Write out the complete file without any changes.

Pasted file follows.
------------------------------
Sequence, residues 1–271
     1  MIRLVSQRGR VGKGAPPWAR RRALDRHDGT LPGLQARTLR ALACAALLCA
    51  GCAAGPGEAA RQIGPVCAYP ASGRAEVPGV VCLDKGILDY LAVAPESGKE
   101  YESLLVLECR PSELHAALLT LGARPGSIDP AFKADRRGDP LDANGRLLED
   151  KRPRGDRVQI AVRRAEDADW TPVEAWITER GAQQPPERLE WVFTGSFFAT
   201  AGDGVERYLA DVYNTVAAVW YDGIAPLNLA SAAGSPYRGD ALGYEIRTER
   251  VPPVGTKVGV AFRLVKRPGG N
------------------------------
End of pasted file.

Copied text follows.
Sequence, residues 1–271
     1  MIRLVSQRGR VGKGAPPWAR RRALDRHDGT LPGLQARTLR ALACAALLCA
    51  GCAAGPGEAA RQIGPVCAYP ASGRAEVPGV VCLDKGILDY LAVAPESGKE
   101  YESLLVLECR PSELHAALLT LGARPGSIDP AFKADRRGDP LDANGRLLED
   151  KRPRGDRVQI AVRRAEDADW TPVEAWITER GAQQPPERLE WVFTGSFFAT
   201  AGDGVERYLA DVYNTVAAVW YDGIAPLNLA SAAGSPYRGD ALGYEIRTER
   251  VPPVGTKVGV AFRLVKRPGG N